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WSC – The first cricket revolution

This article was posted on Monday, May 6, 2013

I treasure the black and white photograph I had taken with Sir Donald Bradman at his house in Adelaide many years back.

My favourite uncle, Charlie, had an old-fashioned vinyl record called “Our Don Bradman”. In a sense, Charlie introduced me to Bradman … who he was and what he had achieved … hence the massive following.

The Bradman Museum and International Cricket Hall of Fame at Bowral houses one of the finest cricket collections in the world … a must visit if you are a cricket ‘nutter’ or maybe just a fan.

The audio/visual interactivity of the museum is compelling. Be prepared to immerse your mind in nostalgia for hours … images, words and objects of cricket royalty … priceless … especially when linked with our own individual memories and personal stories.

We were gathered in Bowral to attend a function to recognize Kerry Packer’s World Series Cricket revolution of 1977-78. A unique, tumultuous period in the game. Kerry Packer and his players (the best in the world) were persona non-grata in the eyes of the cricket establishment. The 69 WSC players, including yours truly, at the time were banned for life for their involvement.

So much emotion, potentially shredding the heritage and future of the greatest game of all. The advent of WSC challenged and forever changed cricket for the better. You may disagree.

Many books and now films have cast a magnifying glass over this period and the fascinating characters involved. For more detail, I urge you to read them … many probably only available on eBay and in libraries. WSC revolutionized how the game was played and brought thousands of new fans to the sport.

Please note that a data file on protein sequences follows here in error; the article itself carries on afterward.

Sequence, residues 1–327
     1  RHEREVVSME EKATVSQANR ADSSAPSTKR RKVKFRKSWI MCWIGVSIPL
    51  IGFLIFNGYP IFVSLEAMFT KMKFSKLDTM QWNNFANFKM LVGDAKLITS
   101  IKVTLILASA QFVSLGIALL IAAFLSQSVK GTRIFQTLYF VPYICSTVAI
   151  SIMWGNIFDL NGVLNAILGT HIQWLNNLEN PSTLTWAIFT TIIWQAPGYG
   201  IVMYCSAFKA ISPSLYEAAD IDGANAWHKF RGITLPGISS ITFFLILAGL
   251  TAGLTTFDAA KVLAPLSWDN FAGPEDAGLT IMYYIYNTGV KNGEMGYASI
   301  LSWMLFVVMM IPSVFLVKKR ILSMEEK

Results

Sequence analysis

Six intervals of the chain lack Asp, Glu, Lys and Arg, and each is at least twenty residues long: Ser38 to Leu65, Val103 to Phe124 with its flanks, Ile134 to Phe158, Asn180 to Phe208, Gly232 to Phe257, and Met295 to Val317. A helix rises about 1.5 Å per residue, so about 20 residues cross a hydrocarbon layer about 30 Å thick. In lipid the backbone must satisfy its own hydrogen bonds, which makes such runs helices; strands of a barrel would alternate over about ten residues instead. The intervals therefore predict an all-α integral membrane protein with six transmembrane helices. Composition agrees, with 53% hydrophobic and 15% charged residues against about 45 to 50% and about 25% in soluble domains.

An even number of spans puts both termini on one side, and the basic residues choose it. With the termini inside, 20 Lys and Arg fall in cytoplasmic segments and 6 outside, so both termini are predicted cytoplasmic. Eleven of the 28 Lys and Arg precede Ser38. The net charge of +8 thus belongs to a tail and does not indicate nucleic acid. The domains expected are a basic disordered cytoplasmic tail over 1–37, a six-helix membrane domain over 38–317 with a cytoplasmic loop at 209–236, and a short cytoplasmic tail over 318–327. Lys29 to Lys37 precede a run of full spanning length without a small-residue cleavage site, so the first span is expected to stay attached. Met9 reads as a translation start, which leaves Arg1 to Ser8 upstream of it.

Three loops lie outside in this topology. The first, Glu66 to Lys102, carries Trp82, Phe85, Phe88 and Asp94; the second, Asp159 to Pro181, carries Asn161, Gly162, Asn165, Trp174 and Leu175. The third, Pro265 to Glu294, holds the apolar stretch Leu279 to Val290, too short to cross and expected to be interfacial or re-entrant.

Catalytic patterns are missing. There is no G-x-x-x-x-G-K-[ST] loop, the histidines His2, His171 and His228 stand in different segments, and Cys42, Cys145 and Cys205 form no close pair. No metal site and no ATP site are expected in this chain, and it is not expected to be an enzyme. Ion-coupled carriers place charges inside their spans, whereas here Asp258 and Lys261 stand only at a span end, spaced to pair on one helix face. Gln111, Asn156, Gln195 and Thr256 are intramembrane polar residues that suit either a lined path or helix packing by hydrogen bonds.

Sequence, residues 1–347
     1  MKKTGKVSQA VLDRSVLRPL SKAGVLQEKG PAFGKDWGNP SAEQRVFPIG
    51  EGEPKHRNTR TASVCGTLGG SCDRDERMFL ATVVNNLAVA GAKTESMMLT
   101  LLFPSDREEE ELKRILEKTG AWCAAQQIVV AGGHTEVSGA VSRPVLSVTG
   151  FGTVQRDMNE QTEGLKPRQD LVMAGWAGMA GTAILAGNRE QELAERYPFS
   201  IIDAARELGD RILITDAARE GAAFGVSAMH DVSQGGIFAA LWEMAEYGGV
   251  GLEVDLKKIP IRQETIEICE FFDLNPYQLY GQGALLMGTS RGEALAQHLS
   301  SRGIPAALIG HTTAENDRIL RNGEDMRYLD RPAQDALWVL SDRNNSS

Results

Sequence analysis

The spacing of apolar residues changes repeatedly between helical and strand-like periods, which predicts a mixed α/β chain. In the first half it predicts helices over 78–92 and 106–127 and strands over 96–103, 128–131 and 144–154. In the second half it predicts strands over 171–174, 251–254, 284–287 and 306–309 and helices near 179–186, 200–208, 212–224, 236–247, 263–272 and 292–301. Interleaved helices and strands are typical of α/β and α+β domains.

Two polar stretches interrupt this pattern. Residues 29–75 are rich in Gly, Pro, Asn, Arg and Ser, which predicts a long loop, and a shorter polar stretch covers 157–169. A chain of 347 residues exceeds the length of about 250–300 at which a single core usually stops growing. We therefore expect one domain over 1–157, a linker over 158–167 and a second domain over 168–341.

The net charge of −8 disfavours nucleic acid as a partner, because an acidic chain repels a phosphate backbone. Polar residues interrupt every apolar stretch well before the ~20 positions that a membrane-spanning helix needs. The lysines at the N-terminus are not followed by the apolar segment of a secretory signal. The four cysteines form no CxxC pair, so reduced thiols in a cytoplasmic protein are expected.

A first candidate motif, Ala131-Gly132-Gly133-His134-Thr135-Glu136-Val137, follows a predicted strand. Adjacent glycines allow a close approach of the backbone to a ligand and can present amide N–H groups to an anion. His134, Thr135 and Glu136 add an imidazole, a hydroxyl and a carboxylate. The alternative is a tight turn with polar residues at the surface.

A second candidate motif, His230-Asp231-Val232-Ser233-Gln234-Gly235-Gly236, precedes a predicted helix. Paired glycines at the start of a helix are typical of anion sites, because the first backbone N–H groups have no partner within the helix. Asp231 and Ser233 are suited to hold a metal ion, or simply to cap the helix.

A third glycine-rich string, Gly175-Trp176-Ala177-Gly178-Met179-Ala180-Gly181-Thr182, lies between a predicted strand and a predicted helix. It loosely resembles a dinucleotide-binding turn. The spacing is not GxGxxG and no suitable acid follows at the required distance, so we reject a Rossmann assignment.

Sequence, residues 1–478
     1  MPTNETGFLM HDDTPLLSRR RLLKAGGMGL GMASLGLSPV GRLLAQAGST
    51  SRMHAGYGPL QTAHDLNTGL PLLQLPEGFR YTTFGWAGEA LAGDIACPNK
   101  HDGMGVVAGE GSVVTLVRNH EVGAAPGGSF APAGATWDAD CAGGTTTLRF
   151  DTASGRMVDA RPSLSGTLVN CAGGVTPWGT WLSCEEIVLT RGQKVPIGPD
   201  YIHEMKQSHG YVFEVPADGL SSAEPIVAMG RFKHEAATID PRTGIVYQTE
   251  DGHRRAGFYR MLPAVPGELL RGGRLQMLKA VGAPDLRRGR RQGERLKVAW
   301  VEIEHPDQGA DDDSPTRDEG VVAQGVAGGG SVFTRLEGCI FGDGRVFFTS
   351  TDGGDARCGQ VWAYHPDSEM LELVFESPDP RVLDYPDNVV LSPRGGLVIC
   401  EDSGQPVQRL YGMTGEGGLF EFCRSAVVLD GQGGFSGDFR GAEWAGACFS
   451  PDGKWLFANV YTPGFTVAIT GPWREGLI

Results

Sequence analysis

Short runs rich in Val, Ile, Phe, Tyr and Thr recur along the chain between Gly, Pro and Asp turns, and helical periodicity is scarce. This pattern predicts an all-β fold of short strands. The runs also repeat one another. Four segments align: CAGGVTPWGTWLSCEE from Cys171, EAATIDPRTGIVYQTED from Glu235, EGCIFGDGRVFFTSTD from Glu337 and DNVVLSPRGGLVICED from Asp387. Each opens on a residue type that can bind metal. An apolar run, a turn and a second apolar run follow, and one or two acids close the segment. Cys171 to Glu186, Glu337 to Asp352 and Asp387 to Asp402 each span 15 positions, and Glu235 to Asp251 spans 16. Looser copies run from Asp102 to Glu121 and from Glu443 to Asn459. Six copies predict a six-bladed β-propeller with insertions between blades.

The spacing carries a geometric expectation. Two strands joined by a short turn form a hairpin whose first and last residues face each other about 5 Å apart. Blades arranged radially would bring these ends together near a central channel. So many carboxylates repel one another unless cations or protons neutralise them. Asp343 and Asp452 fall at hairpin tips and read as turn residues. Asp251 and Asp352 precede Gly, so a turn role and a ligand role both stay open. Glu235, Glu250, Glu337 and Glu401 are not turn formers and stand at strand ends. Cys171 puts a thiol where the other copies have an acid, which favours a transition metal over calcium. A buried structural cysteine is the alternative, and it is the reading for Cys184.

After a tour of The Bradman Museum, many with glass in hand … the dining room swelled to capacity. In attendance, Ros and Gretel Packer, Tony Grieg’s wife Vivian and young son, Tom … So, too, son Mark Greig from his first marriage. Richie Benaud, who was the original consultant to WSC, was there with his wife Daphne. Players, Doug Walters, Rick McCosker, Len Pascoe, Ian Davis … Dennis Yagmich (the second wicketkeeper), who I had not seen since those years, and who despite only playing a handful of games also made the journey from Perth. Australian Team Manager, Geoff Forsaith. The surviving half of the legendary MoJo duo that penned “C’mon Aussie C’mon”, Allan Johnston, was another attendee. Forgive me if I’ve missed out other important figures.

Many press, TV and media outlets were represented.

What we experienced was a chance to revisit those extra-ordinary times. Michael Clarke, the current Australian Test captain talked of the period and its legacy and the role past players can have in the contemporary game.

Friend, Mike Coward, has done an outstanding job in collecting, so far, 140-plus interviews with the significant players globally. In time, this passionate investment in building both the oral and visual history of WSC and international cricket will be irreplaceable. At the end of official proceedings, we sat down together for an hour-long chat … TV camera over his right shoulder – red light on.